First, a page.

With no other options ordered, I started the Vasopressin just so I could give the patient something in an attempt to make her comfortable (Precedex).  I tried to assess IVC collapse (as she was getting 10mL/kg of volume) with a Sonosite machine (again, without orders to do so—I’ve never seen it used but to place central lines) but was unable to visualize the IVC.  I don’t have a ton of experience doing so and am not sure if the foam dressing they had left under the top part of the incision that was partially closed (she was cut from just below her xiphoid process to below her umbilicus) got in my way, or if the IVC was just so collapsed I couldn’t see it.  All I could see was the bottom of the heart moving.  

At 1900 I handed the very uncomfortable, conscious, and miserable patient off to the oncoming RN.  She increased the Levo to 30, called to get orders, and was instructed by an on-call doc who had never seen the patient to add an epi drip.  Without doing anything to assess fluid volume.

My suspicion was the patient was without likely short on fluid volume, was being inappropriately ventilated, and likely didn’t need so many vasopressors had she be ventilated properly.  But I feel hamstrung to do anything (like change vent settings or order more labs, maybe to assess serum osmolality) to prove my suspicions.  My questions:

1. Are there some treatment guidelines of which I am unaware that don’t match my prior experience/training?  
2. Did she need that much peep considering the likely reduction in preload?  That much ventilator volume?
3. Can anyone offer any other suggestions or how they would have managed her differently from my local docs?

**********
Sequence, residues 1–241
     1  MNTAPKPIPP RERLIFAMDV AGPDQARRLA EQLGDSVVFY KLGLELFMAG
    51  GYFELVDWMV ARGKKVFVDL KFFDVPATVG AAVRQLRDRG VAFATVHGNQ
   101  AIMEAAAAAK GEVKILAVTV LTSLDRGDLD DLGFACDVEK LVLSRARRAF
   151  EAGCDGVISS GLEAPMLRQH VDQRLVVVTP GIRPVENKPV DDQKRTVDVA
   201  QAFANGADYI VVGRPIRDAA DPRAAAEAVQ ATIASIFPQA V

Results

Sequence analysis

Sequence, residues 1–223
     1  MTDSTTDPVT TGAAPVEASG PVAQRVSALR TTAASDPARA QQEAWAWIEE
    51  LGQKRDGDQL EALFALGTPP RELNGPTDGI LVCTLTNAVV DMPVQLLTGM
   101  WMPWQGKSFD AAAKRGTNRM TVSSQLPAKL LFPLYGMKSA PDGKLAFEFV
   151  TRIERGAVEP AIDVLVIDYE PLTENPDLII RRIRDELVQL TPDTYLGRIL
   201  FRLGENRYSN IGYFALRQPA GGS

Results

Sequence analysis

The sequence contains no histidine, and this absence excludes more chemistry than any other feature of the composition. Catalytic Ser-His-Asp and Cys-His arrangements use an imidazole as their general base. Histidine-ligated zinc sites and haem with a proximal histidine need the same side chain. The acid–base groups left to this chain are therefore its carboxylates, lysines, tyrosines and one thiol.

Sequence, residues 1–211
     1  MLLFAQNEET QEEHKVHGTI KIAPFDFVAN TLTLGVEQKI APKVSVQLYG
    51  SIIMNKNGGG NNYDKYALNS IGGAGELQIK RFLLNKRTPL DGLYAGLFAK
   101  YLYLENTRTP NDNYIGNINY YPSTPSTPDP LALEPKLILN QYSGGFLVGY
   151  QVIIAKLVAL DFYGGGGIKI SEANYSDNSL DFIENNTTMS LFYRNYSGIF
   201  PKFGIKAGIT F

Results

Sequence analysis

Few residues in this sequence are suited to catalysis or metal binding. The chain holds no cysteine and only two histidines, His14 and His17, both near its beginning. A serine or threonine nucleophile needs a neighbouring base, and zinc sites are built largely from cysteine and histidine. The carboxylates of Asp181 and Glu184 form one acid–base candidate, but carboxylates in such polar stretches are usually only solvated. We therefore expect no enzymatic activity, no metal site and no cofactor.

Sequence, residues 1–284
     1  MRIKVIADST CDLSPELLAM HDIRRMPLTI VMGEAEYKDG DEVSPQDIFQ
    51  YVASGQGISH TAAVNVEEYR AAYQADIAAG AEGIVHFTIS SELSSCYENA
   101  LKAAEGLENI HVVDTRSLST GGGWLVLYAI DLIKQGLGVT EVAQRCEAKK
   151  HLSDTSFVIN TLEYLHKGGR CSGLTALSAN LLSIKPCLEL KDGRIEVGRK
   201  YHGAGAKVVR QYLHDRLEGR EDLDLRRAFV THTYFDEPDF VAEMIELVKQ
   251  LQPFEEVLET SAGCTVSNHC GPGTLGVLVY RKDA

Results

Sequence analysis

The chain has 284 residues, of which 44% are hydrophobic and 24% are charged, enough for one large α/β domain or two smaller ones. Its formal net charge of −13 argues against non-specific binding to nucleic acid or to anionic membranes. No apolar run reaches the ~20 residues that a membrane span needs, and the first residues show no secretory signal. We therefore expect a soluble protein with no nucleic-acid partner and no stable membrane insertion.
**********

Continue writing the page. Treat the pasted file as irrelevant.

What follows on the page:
4. Help!  
Erik Rubach's profile photoJason Boitnott's profile photo
Ya'll are great, thank you +Trip699 and +Erik Rubach, being an ED Nurse, I wish our ED Physicians and Intensivists understood how different our education is. The Nursing education really does not provide for understanding or knowledge like this. 
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Lamar Moody

Discussion  - 
I am curious about the Angel Catheter. Have you had a chance to play with it or use it? Any difficulty with placement? opinion? Conceptually promising and beneficial.
EMCrit's profile photo
never been in a hospital that had them so I can't say. It is a cool idea
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Shane Barclay

Discussion  - 
HI Steve
Love your podcasts!
I hope this question has not been answered already but I have searched your site and think listened to most of the podcasts.
In any event, I had a case of Rt Vent infarct a while ago, with the usual hypotension, brady and rather severe chest pain. We managed to get him thrombolysed within 12 minutes of the door, however his pain and hypotension was a real issue. My concern was giving him nitro with resultant further BP drop ( I eventually did a 'dribble' nitro drip with small bolus N/S)
I can't seem to get consensus from the literature however,  which/if/how a pressure could be used. ie dobutamine, dopamine, norepi etc. Some say yes, other sources say never dopamine etc etc.
I work in a rural, 20 bed hospital,  in Canada, and so don't have the luxury of a lot of the things you often discuss. Our critical pts are helicoptered out and that day took nearly 3 hrs to get a chopper.
Your comments and those of others, as usual, would be greatly appreciated.
Shane Barclay
Salt Spring Island, B.C.
EMCrit's profile photo
norepi is prob. best choice for cardiogenic shock at this stage. Has an actual study demonstrating mortality (albeit subgroup)

I like small dose fentanyl for this situation for the pain treatment
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Ahmed Samir

Discussion  - 
I want some info about benchmarking ED Performance/ performance indicators..elaborate, please
roberto cosentini's profile photoAhmed Samir's profile photo
Any more....